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# Why Gibbs free energy is zero at equilibrium? – Free Energy Device That Work

One way to visualize Gibbs free energy is to think of it as a square function of temperature and depth. Since the mean energy level is the same for all temperature depths, we can think of the slope of Gibbs free energy as the area under the curve. The square function is not a special case. In the presence of many different temperature depths, a similar expression would look like this:

With a constant depth of 0 ° (or a constant temperature of 0 ° C), the square function would have a slope of 0.3. Then a rise from depth 0 would produce a temperature rise of 1, for a cumulative slope of 2.7.

The only time we would go much higher, above 0 ° C, is when we’re at rest. The constant temperature is still greater than zero. If we’re in a state of rest, we can get away with running higher, which would produce more energy. As we mentioned, for a temperature fall, we always want to give up less energy than we get from the start position.

On the other hand, we don’t get as much heat back for running at zero as we do for running at a higher temperature. For example, assuming a pressure of 100 Pa, a thermodynamic gradient of 0 ° C at 20 ° and 5 ° at 10 ° should yield a total heat transfer of 25 Watts, or one joule per kg of body weight. When we consider the energy transferred for 20 ° C and a pressure of 60 Pa, it drops to 14 Watts (one joule per kg) per joule. At 10 ° C we get a joule per kilogram, again about one joule per kg of body weight. The remaining energy is given up simply as heat.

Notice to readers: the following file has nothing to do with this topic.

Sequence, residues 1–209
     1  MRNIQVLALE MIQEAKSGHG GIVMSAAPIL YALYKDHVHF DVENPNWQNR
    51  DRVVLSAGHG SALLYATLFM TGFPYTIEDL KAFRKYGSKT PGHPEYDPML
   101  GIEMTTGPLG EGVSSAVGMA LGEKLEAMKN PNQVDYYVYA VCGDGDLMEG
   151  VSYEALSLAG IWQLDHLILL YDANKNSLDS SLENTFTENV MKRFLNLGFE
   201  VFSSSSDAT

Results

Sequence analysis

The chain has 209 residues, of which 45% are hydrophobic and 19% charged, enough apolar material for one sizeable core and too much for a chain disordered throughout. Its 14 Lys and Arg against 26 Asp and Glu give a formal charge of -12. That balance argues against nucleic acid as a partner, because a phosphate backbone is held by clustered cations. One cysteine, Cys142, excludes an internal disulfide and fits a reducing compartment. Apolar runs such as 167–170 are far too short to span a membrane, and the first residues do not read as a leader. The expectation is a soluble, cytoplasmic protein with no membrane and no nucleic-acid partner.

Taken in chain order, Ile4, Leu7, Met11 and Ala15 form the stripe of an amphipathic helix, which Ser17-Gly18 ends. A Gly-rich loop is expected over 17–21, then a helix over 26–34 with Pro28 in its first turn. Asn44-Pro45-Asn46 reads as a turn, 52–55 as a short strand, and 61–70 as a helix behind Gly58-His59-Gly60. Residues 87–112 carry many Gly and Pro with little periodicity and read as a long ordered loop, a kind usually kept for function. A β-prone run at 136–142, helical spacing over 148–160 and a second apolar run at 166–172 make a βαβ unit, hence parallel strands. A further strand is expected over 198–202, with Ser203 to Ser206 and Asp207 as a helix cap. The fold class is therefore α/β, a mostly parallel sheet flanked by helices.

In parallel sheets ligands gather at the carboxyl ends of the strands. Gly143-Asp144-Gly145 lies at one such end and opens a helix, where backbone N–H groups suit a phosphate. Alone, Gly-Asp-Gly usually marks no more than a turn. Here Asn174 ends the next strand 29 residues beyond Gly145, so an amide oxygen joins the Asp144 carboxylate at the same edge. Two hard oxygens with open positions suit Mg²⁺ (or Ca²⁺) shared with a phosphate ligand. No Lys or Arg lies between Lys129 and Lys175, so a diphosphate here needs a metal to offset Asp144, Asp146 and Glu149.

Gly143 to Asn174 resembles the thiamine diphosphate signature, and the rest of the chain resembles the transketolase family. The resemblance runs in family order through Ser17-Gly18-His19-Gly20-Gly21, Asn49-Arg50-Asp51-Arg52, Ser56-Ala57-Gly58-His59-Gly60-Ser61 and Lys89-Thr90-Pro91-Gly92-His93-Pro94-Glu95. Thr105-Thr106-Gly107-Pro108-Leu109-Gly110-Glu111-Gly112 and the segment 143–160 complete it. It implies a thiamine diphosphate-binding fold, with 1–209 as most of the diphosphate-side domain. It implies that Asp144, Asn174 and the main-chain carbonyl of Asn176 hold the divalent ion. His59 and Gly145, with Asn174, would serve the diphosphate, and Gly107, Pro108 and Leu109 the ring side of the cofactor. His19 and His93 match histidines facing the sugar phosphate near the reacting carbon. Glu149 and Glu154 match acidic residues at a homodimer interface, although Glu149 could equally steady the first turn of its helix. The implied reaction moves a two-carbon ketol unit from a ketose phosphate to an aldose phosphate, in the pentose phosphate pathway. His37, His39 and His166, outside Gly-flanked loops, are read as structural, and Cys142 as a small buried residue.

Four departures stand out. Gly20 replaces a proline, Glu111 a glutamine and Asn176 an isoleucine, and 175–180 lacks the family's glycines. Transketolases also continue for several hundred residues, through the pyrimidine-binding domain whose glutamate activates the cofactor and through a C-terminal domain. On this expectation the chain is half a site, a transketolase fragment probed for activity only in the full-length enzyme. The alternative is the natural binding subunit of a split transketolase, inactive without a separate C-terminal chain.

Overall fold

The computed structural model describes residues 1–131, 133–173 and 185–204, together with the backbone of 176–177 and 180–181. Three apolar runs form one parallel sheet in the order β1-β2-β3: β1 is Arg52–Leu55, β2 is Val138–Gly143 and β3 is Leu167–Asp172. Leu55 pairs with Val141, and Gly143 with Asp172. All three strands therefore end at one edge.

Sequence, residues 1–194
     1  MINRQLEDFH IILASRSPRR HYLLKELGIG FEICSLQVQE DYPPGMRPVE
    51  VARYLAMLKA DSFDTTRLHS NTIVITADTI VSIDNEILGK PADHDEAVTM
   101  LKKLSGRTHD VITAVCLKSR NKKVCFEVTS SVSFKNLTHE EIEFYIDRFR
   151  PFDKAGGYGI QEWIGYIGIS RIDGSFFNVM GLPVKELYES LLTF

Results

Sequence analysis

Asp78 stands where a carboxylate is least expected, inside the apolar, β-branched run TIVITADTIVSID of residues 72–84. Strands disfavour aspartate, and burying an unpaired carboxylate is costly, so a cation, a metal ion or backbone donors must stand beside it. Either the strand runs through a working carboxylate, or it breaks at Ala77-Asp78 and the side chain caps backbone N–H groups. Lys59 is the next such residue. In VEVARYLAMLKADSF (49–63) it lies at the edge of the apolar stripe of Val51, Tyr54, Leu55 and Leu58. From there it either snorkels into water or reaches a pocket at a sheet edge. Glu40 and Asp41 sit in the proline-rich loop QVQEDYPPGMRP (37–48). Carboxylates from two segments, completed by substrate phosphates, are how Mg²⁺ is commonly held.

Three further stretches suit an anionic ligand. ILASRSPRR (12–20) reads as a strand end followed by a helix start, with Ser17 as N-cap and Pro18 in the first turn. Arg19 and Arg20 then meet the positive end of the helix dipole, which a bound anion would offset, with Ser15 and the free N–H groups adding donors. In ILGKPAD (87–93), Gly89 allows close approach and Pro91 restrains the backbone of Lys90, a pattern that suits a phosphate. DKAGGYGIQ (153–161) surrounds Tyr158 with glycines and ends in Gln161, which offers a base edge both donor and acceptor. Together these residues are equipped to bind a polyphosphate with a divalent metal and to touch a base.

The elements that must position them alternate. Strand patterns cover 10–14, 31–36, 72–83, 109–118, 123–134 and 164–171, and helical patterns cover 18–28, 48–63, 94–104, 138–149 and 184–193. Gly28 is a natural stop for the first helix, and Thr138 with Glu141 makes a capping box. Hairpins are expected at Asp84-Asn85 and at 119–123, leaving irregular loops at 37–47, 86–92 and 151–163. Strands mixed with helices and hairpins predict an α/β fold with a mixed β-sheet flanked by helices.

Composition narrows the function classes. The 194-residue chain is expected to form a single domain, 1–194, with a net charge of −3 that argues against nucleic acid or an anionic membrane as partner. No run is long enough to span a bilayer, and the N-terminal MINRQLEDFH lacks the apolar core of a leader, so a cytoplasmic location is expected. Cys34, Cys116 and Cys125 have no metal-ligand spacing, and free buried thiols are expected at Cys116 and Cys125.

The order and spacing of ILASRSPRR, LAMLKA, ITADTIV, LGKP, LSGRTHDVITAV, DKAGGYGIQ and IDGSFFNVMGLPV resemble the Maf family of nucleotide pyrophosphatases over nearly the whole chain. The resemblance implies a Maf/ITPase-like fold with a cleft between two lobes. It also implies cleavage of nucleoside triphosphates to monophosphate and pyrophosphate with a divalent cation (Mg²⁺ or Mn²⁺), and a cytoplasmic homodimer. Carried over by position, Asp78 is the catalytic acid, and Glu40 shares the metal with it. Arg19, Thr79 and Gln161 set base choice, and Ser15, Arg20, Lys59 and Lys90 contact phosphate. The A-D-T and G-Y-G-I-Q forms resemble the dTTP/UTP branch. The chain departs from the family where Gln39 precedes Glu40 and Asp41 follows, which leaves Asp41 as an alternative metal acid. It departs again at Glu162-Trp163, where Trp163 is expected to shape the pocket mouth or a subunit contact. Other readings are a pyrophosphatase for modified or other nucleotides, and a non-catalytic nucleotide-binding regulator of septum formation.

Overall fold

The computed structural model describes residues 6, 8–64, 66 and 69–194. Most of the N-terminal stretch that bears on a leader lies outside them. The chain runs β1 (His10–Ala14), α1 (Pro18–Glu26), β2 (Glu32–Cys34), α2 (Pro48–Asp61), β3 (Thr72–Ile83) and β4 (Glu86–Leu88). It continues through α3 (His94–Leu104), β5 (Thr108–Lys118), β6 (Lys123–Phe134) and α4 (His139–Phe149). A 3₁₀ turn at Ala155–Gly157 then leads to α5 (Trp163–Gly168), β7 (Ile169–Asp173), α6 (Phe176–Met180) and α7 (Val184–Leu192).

Energy transferred to the environment by running a given distance is given by

where H is the amount of heat energy transferred per unit of work done. However, we can’t know if the energy we got for running was the energy we’re actually getting, by taking the heat energy as a square function of temperature and depth. That would produce a completely different expression.

Here, we have to figure out something much simpler. What is the temperature at which the energy needed for the next run falls short of the energy at work? The answer depends only on the total work done, including the initial work performed, the next work done, any further work done to recover the energy lost the first time, and the energy expended on all those subsequent

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